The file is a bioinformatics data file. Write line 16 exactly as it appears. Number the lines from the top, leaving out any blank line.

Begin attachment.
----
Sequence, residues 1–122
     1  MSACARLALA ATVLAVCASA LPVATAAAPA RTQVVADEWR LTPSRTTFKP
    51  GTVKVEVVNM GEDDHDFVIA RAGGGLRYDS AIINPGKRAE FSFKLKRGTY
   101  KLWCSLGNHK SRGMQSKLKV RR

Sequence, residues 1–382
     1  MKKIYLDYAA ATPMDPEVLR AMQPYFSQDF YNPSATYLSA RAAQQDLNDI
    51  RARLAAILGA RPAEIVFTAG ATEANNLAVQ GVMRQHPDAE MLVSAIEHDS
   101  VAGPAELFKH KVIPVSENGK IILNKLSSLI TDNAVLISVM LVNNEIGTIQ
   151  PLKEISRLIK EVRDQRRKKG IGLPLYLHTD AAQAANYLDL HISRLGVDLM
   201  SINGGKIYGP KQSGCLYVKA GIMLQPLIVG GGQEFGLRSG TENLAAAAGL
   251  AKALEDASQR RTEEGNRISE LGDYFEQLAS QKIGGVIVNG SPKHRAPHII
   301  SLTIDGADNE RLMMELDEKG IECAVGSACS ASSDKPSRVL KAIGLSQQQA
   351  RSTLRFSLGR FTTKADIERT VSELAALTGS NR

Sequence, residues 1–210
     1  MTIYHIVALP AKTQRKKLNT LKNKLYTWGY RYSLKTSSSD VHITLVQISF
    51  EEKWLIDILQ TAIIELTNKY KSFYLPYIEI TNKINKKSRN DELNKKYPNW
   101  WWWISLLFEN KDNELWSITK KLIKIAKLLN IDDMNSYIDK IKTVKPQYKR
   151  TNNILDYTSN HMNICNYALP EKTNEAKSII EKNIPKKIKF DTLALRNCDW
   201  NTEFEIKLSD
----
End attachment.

    51  EEKWLIDILQ TAIIELTNKY KSFYLPYIEI TNKINKKSRN DELNKKYPNW